SHOOTING THE BREEZE
HOMEGROWN WRITING TAKING OFF?
By Eric C. Forbes
THE RECENT OUTPUT of homegrown Malaysian books, fiction or otherwise, written by Malaysians for Malaysians and others have been scaling great heights in terms of press coverage and encouraging sales in Malaysian bookshops.
Books such as Lydia Teh’s Honk! If You’re Malaysian (MPH Publishing, 2007), Adibah Amin’s two-volume reissue of As I Was Passing (MPH Publishing, 2007), Tunku Halim’s 44 Cemetery Road: The Best of Tunku Halim (MPH Publishing, 2007), Dina Zaman’s I Am Muslim (Silverfish Books, 2007), Farish A. Noor’s The Other Malaysia (Silverfish Books, 2002) and From Majapahit to Putrajaya (Silverfish Books, 2005), Kam Raslan’s Confessions of an Old Boy: The Dato’ Hamid Adventures (Marshall Cavendish, 2007), Yvonne Lee’s The Sky is Crazy: Tales from a Trolley Dolly (Marshall Cavendish, 2005) and Xeus’s Dark City (Midnight Press, 2006) are obvious testament to this recent phenomenon, perhaps pointing to a growing demand for and appreciation of books by Malaysians. Such a trend has been a long time in coming and hopefully augurs well for the Malaysian publishing industry in the future.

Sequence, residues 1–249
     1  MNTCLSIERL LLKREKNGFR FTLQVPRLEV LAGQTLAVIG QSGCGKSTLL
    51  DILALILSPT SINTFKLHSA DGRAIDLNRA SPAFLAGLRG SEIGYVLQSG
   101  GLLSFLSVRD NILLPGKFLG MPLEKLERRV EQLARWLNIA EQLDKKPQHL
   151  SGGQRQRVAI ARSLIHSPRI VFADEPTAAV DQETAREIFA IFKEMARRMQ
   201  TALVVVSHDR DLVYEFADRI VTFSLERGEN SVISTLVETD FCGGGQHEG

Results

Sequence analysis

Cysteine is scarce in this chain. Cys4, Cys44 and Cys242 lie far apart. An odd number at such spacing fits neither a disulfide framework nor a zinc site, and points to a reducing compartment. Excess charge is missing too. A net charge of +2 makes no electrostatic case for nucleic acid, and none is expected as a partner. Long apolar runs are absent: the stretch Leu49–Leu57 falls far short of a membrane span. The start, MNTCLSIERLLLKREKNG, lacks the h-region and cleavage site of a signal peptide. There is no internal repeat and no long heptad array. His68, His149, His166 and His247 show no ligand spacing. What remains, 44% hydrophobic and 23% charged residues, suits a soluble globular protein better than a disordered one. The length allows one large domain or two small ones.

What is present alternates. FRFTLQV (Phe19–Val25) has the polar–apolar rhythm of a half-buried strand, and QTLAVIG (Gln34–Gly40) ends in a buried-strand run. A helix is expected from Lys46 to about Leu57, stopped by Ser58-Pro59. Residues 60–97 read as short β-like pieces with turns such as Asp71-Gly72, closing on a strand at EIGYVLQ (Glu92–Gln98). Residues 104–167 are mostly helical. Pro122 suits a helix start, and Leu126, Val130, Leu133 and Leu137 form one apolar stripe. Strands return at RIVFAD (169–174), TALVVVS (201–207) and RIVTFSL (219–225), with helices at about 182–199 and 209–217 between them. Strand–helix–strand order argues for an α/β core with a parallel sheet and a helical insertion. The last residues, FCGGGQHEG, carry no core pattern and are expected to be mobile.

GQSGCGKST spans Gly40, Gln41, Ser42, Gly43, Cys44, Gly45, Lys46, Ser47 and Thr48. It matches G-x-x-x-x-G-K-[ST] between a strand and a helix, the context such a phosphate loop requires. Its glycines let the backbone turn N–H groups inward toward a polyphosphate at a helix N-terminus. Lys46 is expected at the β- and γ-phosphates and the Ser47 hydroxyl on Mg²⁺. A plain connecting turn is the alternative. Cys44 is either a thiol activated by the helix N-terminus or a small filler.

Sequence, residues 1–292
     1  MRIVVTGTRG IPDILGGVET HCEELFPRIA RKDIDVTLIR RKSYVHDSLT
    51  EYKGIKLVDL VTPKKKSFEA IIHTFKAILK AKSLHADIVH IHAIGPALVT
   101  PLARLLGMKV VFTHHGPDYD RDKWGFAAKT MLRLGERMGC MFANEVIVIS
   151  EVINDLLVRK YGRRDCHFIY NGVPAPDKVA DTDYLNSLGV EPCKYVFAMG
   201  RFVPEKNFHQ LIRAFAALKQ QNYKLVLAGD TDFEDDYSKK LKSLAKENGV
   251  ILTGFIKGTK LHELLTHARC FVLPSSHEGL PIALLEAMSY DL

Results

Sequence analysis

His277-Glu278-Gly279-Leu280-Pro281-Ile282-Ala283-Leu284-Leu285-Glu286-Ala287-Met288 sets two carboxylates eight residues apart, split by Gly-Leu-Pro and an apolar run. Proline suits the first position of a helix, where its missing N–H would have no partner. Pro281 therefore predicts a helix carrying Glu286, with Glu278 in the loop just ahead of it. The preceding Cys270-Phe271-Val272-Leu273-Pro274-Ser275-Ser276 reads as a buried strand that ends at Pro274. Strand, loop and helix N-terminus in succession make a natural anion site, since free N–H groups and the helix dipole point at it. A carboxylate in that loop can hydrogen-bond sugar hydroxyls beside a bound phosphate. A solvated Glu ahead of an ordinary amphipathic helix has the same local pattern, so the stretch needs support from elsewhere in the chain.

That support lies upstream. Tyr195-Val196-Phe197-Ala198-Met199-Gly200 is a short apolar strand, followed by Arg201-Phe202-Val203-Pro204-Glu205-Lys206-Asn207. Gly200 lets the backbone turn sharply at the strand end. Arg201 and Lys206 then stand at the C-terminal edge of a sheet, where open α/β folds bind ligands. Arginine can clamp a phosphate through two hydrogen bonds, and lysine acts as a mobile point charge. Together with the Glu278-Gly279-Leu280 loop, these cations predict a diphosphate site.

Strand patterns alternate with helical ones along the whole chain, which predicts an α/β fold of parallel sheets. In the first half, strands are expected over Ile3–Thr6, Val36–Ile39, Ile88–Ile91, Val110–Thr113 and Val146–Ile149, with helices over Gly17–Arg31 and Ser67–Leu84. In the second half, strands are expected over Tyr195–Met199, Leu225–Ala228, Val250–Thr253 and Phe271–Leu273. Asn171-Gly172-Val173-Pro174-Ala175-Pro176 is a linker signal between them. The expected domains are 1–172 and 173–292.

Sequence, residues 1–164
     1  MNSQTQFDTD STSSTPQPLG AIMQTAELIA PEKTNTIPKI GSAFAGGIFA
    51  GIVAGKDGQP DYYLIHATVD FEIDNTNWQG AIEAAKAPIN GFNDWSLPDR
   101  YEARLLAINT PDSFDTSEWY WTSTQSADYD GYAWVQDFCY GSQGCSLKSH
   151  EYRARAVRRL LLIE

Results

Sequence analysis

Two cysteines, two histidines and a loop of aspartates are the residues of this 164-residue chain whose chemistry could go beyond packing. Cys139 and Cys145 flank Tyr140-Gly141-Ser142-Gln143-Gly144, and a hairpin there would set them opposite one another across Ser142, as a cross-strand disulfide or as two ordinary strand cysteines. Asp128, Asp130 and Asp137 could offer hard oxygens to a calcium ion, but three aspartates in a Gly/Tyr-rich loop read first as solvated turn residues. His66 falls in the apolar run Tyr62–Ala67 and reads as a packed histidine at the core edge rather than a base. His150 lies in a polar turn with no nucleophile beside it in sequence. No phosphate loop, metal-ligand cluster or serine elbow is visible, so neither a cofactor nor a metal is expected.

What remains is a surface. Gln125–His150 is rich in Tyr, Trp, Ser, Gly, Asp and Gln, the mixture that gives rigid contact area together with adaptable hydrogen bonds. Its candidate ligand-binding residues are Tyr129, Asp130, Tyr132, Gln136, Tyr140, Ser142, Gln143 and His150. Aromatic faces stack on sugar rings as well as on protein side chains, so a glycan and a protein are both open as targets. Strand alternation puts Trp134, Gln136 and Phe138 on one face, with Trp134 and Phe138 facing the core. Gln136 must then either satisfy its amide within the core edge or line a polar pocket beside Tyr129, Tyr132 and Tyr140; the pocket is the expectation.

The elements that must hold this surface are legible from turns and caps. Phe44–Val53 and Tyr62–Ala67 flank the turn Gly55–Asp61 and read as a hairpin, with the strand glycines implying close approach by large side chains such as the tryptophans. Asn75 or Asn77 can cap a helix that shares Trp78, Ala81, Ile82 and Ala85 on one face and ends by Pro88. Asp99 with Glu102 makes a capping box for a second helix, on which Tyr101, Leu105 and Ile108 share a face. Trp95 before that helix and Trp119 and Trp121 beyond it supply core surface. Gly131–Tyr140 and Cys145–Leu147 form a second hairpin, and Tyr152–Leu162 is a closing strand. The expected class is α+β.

All these in the wake of literary successes of Malaysians overseas: Tash Aw’s The Harmony Silk Factory (HarperCollins, 2005), Tan Twan Eng’s The Gift of Rain (Myrmidon, 2007), Tinling Choong’s FireWife (Nan A. Talese/Doubleday, 2007), Rani Manicka’s The Rice Mother (Hodder & Stoughton/Sceptre, 2002) and Beth Yahp’s The Crocodile Fury (Angus & Robertson/HarperCollins Australia, 1992). And poet Shirley Lim, too, of course, one of our perennial favourites, especially Among the White Moon Faces: Memoirs of a Nonya Feminist (Times Books International, 1996).
And who could forget two of my favourite Malaysian books of all time, Rehman Rashid’s self-published A Malaysian Journey (1993), a stylish and nostalgic documentation of the complex Malaysian psyche, and Lee Su Kim’s Malaysian Flavours (Pelanduk, 1996), a dissection of the Malaysian psyche and its quirks and idiosyncrasies.
It is good to know that Malaysian bookshops are taking greater interest and effort to promote Malaysian books by giving them prominent displays and organising book talks and signings. However, more still need to be done, especially in educating the public on the merits of reading and appreciating good literature. The Malaysian press has also been very supportive of Malaysian books in recent years through more book reviews and press interviews. Hopefully, all these efforts will go towards encouraging the flowering of Malaysian English-language literature.
nurture and nourish your spirit and soul with books ...